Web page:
Best Rock Tours of 2013
Hey hey, my my, our countdown of the Best Rock Tours of 2013 proves that rock 'n' roll will never die. Once again, some of the biggest names in music history found ways to deliver new thrills for their fans. Several invited former bandmates back for special appearances, and many trotted out rarely heard songs. A couple of particularly generous legends squeezed themselves into intimate venues they've long since outgrown saleswise, and one even built themselves a giant mechanical monster -- all in a quest to make you forget you still had to go back to work the next day. So here they are: the Best Rock Tours of 2013:
There's a lot of great bands that could have earned this spot on our Best Rock Tours of 2013 instead of Kiss, who, after all, played relatively few shows in the U.S. this year. But did any of them add a gigantic, movable, fire-breathing spider to their stage set? No? OK then -- case closed!
To celebrate his 40th anniversary in the rock game, the Red Rocker assembled a rotating cast of characters from his previous (and current) bands -- including Joe Satriani, Michael Anthony and the surviving members of Montrose -- to take audiences on a chronological tour of his career each night.
Apparently this trio of '70s classic-rock titans from the heartland of America had so much fun on their 2012 tour together that they decided to do it all over again this year. That's it -- no gimmicks, no themes, not really even any new records to promote. In other words, a perfect night out!
While Jimmy Page sat anxiously by the phone, his ever-restless former bandmate hit the road with his umpteenth new band. This time out, Plant retooled his Strange Sensations group from the 'Mighty Rearranger' and 'Dreamland' albums. This allowed him to add new African influences to another well-chosen selection of solo tracks, Led Zeppelin classics and cover songs.
Never afraid to fix something that's only broken in his eyes, Petty eschewed the easy money of another by-the-numbers "greatest hits" tour in favor of a set list that explored lesser-known numbers from his vast catalog. Lucky fans in New York and L.A. also got to enjoy multiple-night stands in smaller venues -- well, except for the night the fire marshal shut the joint down.
Hard to believe It's been more than two years since Black Sabbath made their big reunion announcement. For a while there, it looked like the whole thing would be a nonstarter, between Bill Ward's boycott and Tony Iommi's lymphoma diagnosis. Luckily, Iommi kicked cancer's ass, the group made a pretty damn good new album and the promotional trek that followed was easily worthy of a spot on our Best Rock Tours of 2013 list.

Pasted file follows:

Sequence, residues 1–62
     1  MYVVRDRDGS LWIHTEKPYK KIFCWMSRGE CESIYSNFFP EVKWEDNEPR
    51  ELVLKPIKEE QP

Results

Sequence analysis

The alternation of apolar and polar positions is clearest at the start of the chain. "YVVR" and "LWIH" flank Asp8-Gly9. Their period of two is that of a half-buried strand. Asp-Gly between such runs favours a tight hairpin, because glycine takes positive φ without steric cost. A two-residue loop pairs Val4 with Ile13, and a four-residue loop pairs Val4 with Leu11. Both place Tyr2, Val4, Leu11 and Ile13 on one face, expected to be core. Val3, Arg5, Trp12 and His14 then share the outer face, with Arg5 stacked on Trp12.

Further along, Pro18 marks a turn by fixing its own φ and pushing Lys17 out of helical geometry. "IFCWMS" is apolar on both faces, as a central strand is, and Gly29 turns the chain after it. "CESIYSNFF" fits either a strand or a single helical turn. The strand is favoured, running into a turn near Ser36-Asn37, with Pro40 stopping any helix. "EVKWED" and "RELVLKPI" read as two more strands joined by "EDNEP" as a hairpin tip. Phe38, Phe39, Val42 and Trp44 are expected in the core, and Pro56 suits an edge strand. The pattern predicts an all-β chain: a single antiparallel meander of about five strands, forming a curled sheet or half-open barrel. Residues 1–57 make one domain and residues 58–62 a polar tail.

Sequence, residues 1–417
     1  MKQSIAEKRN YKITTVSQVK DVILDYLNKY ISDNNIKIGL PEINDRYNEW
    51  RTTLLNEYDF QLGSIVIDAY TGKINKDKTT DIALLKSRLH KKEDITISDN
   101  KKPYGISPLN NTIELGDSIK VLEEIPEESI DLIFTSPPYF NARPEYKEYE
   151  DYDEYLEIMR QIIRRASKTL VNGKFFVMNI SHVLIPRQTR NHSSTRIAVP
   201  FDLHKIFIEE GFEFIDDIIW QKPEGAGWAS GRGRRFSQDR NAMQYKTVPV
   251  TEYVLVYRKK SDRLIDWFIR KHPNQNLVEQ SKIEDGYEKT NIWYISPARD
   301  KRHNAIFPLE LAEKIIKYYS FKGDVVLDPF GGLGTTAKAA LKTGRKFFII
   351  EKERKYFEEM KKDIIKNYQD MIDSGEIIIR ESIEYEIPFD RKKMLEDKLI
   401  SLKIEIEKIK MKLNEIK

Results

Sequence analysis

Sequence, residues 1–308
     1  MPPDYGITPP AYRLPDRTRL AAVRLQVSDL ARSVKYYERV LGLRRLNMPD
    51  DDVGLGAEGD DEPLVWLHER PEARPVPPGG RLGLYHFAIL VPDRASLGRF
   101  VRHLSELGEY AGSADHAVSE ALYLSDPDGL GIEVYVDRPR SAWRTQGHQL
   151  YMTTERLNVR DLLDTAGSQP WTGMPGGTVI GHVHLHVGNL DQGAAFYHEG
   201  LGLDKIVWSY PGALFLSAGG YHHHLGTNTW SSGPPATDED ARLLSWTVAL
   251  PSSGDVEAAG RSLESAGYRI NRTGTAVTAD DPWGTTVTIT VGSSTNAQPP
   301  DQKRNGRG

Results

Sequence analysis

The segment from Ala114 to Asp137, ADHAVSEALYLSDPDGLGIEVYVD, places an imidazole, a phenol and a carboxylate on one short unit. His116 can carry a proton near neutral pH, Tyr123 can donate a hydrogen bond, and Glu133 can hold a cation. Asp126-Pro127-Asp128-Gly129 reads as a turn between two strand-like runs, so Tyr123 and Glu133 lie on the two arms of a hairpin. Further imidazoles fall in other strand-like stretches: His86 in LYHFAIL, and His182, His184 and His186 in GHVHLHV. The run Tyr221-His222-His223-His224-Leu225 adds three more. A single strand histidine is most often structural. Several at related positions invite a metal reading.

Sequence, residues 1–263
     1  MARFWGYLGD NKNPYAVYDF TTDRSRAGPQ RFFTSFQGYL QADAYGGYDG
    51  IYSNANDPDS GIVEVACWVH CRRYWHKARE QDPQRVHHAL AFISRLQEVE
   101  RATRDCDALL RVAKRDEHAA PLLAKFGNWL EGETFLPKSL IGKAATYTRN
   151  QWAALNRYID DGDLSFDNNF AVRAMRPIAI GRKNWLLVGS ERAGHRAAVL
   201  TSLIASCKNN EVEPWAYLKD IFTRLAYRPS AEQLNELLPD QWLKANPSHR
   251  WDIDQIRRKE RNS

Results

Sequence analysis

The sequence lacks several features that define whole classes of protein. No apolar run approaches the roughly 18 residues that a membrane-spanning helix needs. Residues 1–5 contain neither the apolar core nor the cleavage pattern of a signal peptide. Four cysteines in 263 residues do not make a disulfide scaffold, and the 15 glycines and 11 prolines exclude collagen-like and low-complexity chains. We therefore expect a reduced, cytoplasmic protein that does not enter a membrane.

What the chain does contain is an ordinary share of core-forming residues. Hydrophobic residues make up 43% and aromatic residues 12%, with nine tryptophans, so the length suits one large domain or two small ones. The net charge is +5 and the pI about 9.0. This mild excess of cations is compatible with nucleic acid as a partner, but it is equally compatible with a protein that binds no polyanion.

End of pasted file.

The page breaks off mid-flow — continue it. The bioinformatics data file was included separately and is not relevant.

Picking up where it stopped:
Do we really have to justify this one? Is there anybody who went to one of these shows that didn't enjoy seeing the former Beatle play nearly 40 of the best songs in rock history with an incredibly tight and talented band? Or who wouldn't trade anything short of a family member for the opportunity to do so?
This may seem like an unlikely pairing at first, until you realize the trait these two music icons have in common: the near-fanatical pursuit of the perfect sounds they hear in their heads. Really, it's a miracle they ever made it past sound check on any given night. But they did, not only performing fantastic sets separately but also joining forces for several songs, including Beach Boys classics like 'Our Prayer.'
Just like Sammy Hagar (See No. 9 on our Best Rock Tours of 2013 list), the Eagles more or less arranged the set list for their current tour chronologically. Also much like Hagar, they invited a former bandmate back into the fold -- in this case, guitarist Bernie Leadon. Makes you wish they'd taken it a step further and ripped through 'I Can't Drive 55' just one time, doesn't it?
Age ain't nothing but a number, and after five straight decades together, the Rolling Stones were still the hottest (and yes, probably most expensive) ticket in the land this summer. The group made headlines at just about every show. To mark their big anniversary, they welcomed Mick Taylor and Bill Wyman back to the stage, dug out some rarely heard songs and invited a gaggle of guest stars from all across the musical spectrum to join in as well.